G.K. Hall, 1987 - 430 sidor
Edwin P. Wilson was the Great Gatsby of the spook world, the rogue CIA agent who had already begun to amass a fortune while still in U.S. intelligence. His lavish estate outside Washington, D.C. was a favored gathering place for senators and congressman, admirals and generals, for key intelligence officers. In addition, Wilson was also raking in millions in the service of the godfather of worldwide terrorism. Wilson seemed above the law. Both the ICA and the FBI were aware of what he was doing, but they had done nothing to stop him. Then, U.S. attorney Larry Barcella discovered Wilson's sinister machinations, and began a manhunt that he vowed would not end until he saw Wilson behind bars.
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Next, Keiser had to have a passport to travel. Barcella drafted another memo
about the problem, and it went from French Smith's deputy to Secretary of State
Alexander Haig's deputy, William P. Clark. The issue was bucked down to the
head of ...
the State Department's intransigence about the passport, had decided to give him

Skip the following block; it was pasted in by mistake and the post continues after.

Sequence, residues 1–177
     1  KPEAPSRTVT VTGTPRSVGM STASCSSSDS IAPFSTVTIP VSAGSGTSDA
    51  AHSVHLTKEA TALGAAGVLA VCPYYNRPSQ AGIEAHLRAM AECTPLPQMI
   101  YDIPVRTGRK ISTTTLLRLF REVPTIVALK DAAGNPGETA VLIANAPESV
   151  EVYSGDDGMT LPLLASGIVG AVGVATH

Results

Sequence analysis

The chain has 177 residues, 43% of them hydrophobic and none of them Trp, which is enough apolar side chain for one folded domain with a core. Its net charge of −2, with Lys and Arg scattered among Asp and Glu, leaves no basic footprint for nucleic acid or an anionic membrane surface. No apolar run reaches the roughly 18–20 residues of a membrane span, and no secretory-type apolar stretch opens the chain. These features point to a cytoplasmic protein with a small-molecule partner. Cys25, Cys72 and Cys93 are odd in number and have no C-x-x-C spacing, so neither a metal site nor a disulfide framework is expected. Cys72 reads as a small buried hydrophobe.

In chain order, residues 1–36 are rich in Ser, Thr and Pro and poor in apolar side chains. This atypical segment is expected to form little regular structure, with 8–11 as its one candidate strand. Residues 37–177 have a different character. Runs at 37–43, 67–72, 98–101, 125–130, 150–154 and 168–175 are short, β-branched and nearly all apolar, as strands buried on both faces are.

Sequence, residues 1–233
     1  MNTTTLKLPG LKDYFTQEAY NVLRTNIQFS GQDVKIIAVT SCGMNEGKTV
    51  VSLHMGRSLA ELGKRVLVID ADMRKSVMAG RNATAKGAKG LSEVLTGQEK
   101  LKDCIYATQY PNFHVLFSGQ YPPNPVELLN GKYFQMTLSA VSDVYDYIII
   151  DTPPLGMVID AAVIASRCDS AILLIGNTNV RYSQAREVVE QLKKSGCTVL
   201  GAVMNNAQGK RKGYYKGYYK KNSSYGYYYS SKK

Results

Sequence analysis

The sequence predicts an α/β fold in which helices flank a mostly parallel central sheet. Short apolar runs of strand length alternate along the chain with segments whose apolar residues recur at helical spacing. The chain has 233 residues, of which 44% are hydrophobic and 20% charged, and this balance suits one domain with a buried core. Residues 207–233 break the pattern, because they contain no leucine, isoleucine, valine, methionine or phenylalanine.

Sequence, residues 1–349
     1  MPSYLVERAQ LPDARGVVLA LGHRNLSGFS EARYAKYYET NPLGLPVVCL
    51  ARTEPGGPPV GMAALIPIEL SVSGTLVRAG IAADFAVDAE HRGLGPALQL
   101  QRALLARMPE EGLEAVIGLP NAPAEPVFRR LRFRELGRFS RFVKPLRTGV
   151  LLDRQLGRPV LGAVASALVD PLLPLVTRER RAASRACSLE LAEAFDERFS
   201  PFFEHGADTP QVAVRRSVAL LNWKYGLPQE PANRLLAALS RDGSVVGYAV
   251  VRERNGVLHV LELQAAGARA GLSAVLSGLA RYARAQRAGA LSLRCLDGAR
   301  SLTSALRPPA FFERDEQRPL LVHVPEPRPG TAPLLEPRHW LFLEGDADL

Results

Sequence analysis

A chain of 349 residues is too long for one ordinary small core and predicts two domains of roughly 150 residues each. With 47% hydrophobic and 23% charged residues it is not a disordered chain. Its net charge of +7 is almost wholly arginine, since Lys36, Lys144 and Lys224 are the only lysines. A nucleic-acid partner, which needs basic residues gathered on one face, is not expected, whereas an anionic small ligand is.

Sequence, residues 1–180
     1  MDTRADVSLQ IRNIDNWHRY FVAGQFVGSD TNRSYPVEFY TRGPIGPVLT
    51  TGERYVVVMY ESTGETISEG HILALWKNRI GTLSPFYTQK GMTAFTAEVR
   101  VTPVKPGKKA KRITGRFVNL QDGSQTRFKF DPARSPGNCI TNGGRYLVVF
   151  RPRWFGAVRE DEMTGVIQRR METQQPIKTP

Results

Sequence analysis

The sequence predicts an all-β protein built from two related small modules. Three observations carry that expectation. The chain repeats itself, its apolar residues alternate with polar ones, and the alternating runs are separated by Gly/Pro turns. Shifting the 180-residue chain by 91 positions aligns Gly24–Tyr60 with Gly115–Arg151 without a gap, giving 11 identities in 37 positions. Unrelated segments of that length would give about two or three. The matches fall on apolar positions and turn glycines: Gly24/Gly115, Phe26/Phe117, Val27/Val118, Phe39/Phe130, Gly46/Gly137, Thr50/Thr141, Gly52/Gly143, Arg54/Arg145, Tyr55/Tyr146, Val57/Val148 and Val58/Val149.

his head. Keiser's instincts about Wilson appeared to be flawless; this was just
another of the swindles he was so expert at, except he had a lot more than ...
It was Wilson's Maltese passport in the name of Giovanni Zammit. And next was
his Irish passport bearing Philip McCormick's name. And finally his U.S. passport,
the one that had been canceled in Rome. Heath had passed them on to him.
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If the story of Edwin Wilson, the ex-CIA agent who came to serve Muammar el-Qaddafi as a freewheeling dealer in explosives and the technologies and tactics of terror, were laid before a reader as ... Läs hela recensionen